Performance Anxiety and Athletes

Performance Anxiety and Fear of Failure: What To Do?

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When doubt and worry interfere with performance and the athlete cannot perform at his/her best this is sometimes known as performance anxiety. Others might simply call it choking.  The following YouTube video offers some great information about what happens in the mind and body during times of performance anxiety.

Some anxiety is good for competing. It means you are excited and looking forward to the challenge. It also helps give you adrenalin which helps with focus and energy. But when anxiety is getting to be too much and interfering with your performance consider using these five techniques:

1. Have a mantra. When stressed most people begin to think of too may things and this creates monkey mind. It feels like when you first learn to drive a car, that there are so many things to think about that it is overwhelming. And the ride is usually bumpy! A mantra is a word or phrase one can say and focus on as a method to reduce thinking about too many things. It might be: “When in doubt breath out.” It can even be song lyrics that you sing over and over.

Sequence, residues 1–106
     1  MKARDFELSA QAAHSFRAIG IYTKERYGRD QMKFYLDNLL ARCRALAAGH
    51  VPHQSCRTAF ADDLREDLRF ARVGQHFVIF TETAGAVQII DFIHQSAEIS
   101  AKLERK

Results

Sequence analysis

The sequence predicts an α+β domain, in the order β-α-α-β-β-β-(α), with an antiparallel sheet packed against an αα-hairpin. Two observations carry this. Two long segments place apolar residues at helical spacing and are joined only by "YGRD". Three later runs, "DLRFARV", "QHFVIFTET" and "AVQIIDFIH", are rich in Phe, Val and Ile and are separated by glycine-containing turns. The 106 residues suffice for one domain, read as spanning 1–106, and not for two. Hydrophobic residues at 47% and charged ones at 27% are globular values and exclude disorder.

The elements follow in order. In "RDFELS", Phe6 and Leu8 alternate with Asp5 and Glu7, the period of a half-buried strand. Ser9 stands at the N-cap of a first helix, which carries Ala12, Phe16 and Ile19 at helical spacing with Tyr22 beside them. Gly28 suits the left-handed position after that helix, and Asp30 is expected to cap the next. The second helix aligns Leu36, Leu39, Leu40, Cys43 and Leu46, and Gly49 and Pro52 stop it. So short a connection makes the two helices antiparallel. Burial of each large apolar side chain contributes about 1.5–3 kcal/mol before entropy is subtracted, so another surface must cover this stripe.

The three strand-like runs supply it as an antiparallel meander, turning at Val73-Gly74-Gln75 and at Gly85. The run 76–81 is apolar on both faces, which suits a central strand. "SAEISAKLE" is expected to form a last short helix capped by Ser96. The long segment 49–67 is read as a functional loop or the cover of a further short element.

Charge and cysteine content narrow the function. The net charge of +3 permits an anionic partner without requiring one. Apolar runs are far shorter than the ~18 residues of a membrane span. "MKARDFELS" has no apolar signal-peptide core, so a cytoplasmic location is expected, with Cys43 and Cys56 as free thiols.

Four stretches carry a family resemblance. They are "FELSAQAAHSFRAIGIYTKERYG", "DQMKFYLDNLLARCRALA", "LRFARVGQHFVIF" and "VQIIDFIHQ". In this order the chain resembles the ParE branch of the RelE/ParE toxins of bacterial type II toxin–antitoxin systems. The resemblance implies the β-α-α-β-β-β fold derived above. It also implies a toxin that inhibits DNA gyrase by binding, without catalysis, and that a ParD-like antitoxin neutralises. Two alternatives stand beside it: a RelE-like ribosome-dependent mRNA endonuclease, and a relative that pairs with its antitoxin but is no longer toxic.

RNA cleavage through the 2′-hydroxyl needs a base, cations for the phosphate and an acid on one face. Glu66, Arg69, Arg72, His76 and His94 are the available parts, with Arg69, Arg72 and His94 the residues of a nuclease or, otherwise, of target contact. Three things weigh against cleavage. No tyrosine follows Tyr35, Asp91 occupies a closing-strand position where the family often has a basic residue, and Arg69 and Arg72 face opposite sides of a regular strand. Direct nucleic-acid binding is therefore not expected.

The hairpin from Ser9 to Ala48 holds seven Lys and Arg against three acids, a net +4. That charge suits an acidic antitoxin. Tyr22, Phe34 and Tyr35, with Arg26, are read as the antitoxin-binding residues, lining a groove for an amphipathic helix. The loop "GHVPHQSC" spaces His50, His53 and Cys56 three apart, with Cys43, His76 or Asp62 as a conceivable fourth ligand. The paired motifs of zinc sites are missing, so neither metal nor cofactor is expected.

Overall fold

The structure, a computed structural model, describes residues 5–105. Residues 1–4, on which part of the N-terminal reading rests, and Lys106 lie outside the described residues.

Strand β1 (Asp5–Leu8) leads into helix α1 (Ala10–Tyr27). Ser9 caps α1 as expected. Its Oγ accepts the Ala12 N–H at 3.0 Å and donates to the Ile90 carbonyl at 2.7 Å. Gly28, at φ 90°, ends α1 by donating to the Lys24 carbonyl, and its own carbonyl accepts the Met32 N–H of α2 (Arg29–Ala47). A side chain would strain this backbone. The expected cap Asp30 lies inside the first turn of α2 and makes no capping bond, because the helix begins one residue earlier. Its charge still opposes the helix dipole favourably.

2.  Have a routine. Knowing what you are going to do on game day or race day is extremely helpful. Know the start time and back up 60 minutes and create a good pre-competition routine.  For example, prior to a sprinting race the athlete might do a light jog, stretch, sprint drills and then sprints. He may repeat this each time he races and thus does not have as much time to be idle and think.  He can focus on the routine rather than the race until he is ready.
question3.  Know how to talk with yourself. Anxious athletes are typically engaging in What if language in their head. What if I miss the free throw? What if I screw up? What if coach gets mad? What if thinking typically ends in more disaster type words and images. Use instructional talk on purpose. If you catch yourself thinking “what if…..?” than learn to instruct yourself to change your focus to your routine or one small action step that you can actually do. I will get my shoes on and take a few free throws. I am nervous so I will breathe and listen to music. This gets out of your fear of failure talk and into neutral instructional talk that is more productive and calming.

4. Visualize what you need to do. See yourself performing your event. Add emotion to it such as excitement. See yourself be successful. Visualizing can activate your motor cortex of your brain and get your ready.

5. Be around people who are positive.  It is helpful to have a few select people you can be around when you are anxious. These people should be more positive and know the right words to help. it can be simple, such as “you’ll do well.”  But being around others who are critical or worrying themselves can be much less helpful when you have your own performance anxiety. And remember:

 Perfection  is the

greatest obstacle to success

–Judah Isvaran

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